Yogurt, Olive oil, and Feta Drop Cookies (Koulourakia Almyra)

My mother used to made a version of these, with more flour together with the yogurt and olive oil, so that she could shape flat disks and fill the half-moon tyropitakia (turnovers) with feta mixed with eggs and chopped mint.

I just thought that I could probably whip up a savory cookie that contained the cheese and mint, and here is my version.  You can halve the recipe, but keep in mind that you can freeze these savory koulourakia and even if you don’t warm them up a bit before serving, they are still delicious.

 

Makes 40-45 cookie (about two-inch) (more…)

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Pomegranate and Rose Geranium Granita (sorbet)

Pomegranates are just coming to season and they are delicious, although not easy to peel. Later in the season I will probably juice our garden’s pomegranates, but throughout the summer I use the pure, local, thick pomegranate juice we buy frozen on Kea. It has a somewhat tart and tannic taste and no added sugar or anything else. Taste the pomegranate juice you get and adjust the proportions of simple syrup accordingly.

We love the aroma of rose geranium, of which we have plenty in the garden. It is traditionally used it in the quince preserves, but also add it in our fig jam.  The pomegranate juice has plenty of flavor but no fragrance so by adding rose geranium leaves you get a great aromatic granita. Some liqueur or vodka is essential, we think, making the frozen dessert much more complex and easier to serve.

 

Makes 6-10 servings  (more…)

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Fig-thickened Fresh, Creamy Goat’s Cheese

Figs and the milky, sticky sap from the tree were used since antiquity to curdle the milk and produce a fresh cheese. In Greece we call this soft cheese sykomyzithra  and in Turkey teleme. From Paula Wolfert’s Mediterranean Clay Pot Cooking (Wiley, 2009) we get the ancient as well as the contemporary way of making this cheese, according to Musa Dagdeviren. In Musa’s beautiful video on Netflix we see the shepherds whip-up the fresh cheese in the mountains; and of course Dagdeviren has included the recipe for teleme in his recently published, encyclopedia-like Turkish Cookbook  (Phaidon, 2019)

The recipe for this dessert that lingers between sweet and savory, is from Musa Dagdeviren’s book. Instead of dried figs I once used fresh over-ripe figs and the result was a lighter, exquisite cream. I like to sprinkled the bowls with walnuts toasted with brown sugar, salt, and rosemary.

 

Makes 6-8 servings (more…)

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Homemade Fresh Myzithra (ricotta-like cheese)

Here on Kea we make it with the milk our neighbors often give us. It is probably the first and simplest cheese ever made, and today the various commercial myzithra we get sometimes come from Crete –where is called anthotyro. Cheese makers make it now by adding fresh milk to the whey left from the first, usually the hard cheese they make, adding rennet to the milk.

If you can get leftover whey add fresh milk and do not add lemon or vinegar, just boil the whey with the milk and cream. Needless to say that if you make it with the usual cow’s pasteurized milk you get from the supermarket, combine it with goat’s milk, if you can, and add some cream –more or less, depending on how creamy and lush you want your myzithra.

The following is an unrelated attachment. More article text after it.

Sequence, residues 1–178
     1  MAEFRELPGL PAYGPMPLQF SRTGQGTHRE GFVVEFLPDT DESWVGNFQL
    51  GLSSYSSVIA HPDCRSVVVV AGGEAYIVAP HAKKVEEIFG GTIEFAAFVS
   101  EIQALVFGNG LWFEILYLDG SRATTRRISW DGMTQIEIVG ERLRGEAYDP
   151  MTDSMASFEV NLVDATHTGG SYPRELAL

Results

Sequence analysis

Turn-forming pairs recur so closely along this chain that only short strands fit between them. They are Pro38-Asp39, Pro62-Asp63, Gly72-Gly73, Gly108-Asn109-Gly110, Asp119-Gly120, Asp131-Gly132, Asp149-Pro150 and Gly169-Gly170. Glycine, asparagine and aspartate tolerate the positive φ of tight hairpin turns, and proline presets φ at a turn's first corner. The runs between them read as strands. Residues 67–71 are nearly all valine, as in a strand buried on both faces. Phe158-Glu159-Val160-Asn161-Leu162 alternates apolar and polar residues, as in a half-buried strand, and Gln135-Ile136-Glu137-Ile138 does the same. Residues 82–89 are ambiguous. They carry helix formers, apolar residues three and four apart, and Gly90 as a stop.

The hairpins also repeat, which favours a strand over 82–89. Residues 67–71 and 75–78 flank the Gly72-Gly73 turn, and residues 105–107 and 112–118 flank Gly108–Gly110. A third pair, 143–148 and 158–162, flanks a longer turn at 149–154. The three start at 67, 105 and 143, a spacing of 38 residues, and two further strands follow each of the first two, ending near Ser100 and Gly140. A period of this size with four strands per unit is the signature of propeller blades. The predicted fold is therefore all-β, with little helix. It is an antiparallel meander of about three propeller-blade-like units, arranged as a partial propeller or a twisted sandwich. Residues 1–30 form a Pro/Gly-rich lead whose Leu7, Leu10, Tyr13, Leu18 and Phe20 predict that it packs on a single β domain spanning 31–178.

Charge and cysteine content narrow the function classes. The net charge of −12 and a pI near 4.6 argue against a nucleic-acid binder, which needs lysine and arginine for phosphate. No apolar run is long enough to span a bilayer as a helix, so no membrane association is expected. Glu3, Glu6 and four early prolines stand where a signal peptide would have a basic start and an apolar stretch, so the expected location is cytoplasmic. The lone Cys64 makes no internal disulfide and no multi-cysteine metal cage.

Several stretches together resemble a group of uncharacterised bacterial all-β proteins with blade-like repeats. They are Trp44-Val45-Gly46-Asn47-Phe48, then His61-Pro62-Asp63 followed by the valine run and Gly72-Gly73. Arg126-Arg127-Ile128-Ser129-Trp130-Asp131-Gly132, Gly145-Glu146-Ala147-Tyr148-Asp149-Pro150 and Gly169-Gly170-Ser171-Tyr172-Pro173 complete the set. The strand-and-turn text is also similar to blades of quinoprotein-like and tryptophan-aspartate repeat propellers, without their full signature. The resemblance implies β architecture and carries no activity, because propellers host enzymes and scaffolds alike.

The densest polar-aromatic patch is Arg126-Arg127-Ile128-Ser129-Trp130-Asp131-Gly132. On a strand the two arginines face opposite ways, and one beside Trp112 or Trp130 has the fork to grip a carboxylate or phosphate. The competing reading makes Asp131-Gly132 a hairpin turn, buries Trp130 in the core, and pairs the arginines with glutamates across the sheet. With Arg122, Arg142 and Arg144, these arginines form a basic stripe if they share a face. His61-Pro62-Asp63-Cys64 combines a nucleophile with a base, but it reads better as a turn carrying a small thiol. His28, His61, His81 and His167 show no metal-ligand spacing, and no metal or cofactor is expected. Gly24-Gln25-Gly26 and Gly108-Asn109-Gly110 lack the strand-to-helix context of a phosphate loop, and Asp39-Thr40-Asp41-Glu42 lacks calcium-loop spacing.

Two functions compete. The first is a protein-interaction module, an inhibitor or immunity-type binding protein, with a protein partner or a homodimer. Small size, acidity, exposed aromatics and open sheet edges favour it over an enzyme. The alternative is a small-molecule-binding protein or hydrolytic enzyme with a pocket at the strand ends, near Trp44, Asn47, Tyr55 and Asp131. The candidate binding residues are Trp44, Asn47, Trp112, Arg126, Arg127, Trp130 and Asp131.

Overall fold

Serve this delicious fresh cheese plain, as appetizer, sprinkling it with chopped herbs, shallots and garlic, or as dessert, drizzled with honey or jam. You can also use it to make savory myzithropita (cheese tart), or combine it with some feta cheese to make a Greek version of the cheese cake.

 

Makes about 1 pound soft cheese (you may double the quantities for more)

 

(more…)

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Avgolemono: the Elegant Egg and Lemon Sauce

The most sophisticated of the Greek sauces, avgolemono, a sauce of eggs and lemon juice, seems to have its roots in the Sephardic agristada. It probably came with the Jews who settled in Greece in the 16th century, fleeing from Spain and the Inquisition. Lamb-Avgolemono

Agristada and avgolemono both cleverly use eggs beaten with lemon juice to create an emulsion which thickens the cooking juices, much in the way the French use tangy crème fraîche.

Avgolemono is used with meat, fish, or just with vegetables. Fish soup avgolemono is usually cooked during the cold winter months, and magiritsa, the traditional Easter soup prepared with lamb innards and flavored with scallions and dill, is popular all over Greece. The elegant avgolemono is often abused in restaurants where flour is used to thicken and stabilize it so that it can be endlessly re-heated. It is sometimes called ‘fricassée,’ from the French chicken dish whose white, flour-thickened sauce has neither eggs nor lemons.

Here on Kea I learned to make avgolemono with the winter wild greens that are cooked with pork, while in the spring it complements the local, thorny artichokes that we braise with fresh fava pods and complement with an extra lemony avgolemono made with the wonderful, deep-yellow yolks of my neighbor’s eggs.

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